Grassy Stake is not for Eye

ROB LONGLEY, SUN MEDIA

, Last Updated: 8:35 AM ET

He is in the infancy of what one day may prove to be a prolific racing career, but don't expect Queen's Plate champion Eye of the Leopard to chase the Canadian Triple Crown.

The brilliantly bred colt, who rallied just in time to capture the Plate by a neck on Sunday, is being pointed to the second jewel -- the Prince of Wales Stakes at Fort Erie on July 12. But even with a victory in the $500,000 border oval showcase, it is unlikely he will contest the Breeders' Stake at Woodbine in August, which would be a letdown for the final jewel.

The reason, in part, is because the final leg is raced on grass, which doesn't suit Eye of the Leopard's breeding and style.

But beyond that, trainer Mark Frostad said after the Plate that, providing the lightly raced colt continues to develop, late summer may be the time to test American-bred competition. A win in a Grade 1 race in the U.S., would make the son of A.P. Indy worth millions as a stallion prospect south of the border.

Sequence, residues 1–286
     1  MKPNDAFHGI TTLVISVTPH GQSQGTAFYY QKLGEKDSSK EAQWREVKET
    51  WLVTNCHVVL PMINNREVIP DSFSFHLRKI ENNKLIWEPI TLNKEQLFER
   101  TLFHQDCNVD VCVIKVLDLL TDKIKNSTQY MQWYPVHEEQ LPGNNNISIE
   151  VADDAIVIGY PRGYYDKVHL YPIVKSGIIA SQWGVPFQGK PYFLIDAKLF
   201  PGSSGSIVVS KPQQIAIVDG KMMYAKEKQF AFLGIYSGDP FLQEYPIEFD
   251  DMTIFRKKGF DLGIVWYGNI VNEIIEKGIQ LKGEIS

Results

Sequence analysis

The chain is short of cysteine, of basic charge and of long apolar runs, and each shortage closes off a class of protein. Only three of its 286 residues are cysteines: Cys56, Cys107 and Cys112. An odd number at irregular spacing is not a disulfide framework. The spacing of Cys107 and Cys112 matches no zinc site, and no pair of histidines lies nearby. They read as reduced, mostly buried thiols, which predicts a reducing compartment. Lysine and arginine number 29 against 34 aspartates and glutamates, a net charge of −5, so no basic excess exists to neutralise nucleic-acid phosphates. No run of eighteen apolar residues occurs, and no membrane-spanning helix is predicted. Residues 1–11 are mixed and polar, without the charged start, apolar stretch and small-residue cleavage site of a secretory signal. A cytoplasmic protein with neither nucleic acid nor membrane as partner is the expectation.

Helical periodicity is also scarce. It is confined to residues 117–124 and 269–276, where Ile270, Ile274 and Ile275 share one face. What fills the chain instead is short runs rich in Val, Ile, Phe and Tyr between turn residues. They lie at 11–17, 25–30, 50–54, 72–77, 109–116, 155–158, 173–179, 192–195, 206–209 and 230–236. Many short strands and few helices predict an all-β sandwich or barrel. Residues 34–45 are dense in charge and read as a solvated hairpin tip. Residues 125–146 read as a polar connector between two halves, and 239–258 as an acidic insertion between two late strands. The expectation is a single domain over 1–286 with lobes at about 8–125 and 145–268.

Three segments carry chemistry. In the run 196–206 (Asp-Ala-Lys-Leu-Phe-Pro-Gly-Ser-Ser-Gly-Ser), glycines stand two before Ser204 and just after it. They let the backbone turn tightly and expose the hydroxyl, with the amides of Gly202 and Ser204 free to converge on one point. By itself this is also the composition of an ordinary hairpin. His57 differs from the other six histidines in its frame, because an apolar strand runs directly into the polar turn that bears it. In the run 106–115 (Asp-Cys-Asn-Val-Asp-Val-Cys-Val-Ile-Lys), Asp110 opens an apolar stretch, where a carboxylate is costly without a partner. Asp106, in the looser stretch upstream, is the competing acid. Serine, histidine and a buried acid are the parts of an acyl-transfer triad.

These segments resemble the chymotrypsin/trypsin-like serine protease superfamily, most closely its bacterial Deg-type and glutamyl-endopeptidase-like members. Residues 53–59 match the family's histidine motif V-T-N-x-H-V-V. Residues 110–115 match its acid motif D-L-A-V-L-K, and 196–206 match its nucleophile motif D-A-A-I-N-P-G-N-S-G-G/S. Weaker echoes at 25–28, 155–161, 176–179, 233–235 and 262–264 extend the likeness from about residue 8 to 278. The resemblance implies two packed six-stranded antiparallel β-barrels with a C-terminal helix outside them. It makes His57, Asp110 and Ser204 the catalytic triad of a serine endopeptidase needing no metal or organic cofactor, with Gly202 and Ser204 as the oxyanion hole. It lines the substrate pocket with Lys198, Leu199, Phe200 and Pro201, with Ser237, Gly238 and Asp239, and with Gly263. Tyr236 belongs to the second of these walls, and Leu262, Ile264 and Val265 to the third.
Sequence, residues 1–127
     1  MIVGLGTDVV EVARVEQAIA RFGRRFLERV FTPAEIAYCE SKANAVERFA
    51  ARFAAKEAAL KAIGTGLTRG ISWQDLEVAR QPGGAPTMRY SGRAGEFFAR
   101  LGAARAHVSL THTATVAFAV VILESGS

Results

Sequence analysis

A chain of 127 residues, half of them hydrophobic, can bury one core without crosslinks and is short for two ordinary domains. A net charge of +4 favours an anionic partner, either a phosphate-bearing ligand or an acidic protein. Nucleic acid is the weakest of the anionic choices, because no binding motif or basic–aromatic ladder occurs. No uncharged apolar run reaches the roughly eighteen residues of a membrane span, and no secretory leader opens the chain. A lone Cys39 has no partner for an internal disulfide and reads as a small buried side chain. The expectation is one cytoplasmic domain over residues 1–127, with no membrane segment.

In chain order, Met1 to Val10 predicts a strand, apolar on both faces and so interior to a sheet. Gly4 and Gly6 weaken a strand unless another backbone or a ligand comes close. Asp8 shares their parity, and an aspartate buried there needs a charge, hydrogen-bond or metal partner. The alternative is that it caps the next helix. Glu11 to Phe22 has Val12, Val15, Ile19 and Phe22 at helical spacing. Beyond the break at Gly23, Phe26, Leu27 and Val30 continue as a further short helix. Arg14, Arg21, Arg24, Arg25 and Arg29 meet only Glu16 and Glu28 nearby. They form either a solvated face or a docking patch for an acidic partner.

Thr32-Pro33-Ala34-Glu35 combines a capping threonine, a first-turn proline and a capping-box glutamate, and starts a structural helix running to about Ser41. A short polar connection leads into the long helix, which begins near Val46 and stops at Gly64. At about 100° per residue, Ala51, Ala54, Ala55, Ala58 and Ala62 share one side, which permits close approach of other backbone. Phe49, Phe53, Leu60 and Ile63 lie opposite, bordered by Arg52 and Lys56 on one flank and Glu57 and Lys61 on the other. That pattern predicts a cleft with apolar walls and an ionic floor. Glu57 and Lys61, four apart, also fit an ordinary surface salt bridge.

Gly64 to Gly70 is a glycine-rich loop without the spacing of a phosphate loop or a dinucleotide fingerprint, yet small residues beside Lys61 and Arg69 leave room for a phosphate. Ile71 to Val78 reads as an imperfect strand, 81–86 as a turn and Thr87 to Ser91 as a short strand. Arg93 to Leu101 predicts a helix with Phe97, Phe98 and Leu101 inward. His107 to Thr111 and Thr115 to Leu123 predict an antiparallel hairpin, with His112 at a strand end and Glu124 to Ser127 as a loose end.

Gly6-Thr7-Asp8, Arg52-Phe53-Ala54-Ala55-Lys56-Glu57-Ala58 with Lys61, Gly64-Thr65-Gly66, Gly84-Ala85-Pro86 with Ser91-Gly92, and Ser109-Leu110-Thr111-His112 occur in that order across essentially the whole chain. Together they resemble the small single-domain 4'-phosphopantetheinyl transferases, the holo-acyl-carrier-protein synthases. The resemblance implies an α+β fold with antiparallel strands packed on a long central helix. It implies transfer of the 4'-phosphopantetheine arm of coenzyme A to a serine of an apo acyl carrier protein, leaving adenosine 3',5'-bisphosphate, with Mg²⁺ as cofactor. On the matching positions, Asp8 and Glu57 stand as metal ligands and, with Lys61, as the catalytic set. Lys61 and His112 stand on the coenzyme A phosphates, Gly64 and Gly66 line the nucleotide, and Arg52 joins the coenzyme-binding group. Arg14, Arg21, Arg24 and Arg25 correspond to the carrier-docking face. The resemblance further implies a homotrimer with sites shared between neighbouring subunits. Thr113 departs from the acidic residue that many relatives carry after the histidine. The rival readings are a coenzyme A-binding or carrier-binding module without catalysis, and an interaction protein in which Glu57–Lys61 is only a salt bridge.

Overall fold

The Prince of Wales will be Eye of the Leopard's first race on a traditional dirt surface. His career debut took place on the synthetic track at Keeneland in Kentucky with the next three at Woodbine which has a similar surface.

Rate the plate

There was a huge on-track crowd at Woodbine to witness the Plate, but the TV ratings on CBC took a noticeable dip from a year ago. No doubt hurt by third-round coverage of golf's U.S. Open, the Plate drew 240,000 viewers for the public broadcaster, down from 289,000 a year ago.

Because Woodbine does not charge for admission, it is impossible to get an accurate attendance number, though estimates place this year's crowd in the 25,000 range.

Canadian content

When harness racing's North America Cup was created 26 years ago, one of the goals was to set up a showdown between top horses north and south of the border.

Most years, it's an even split of Canadian and foreign owners, but in Saturday's $1.5-million event, only two of the 10 finalists are solely owned by Canadian interests.

Locals lacking

This may be an all-time low in North America Cup history: Only one of the top 10 drivers on the Mohawk/Woodbine circuit has a drive in the richest race of the local season.

And that driver, 2007 Cup winner Jody Jamieson, has the longest shot in the race, Millionaire Cam (30-1).


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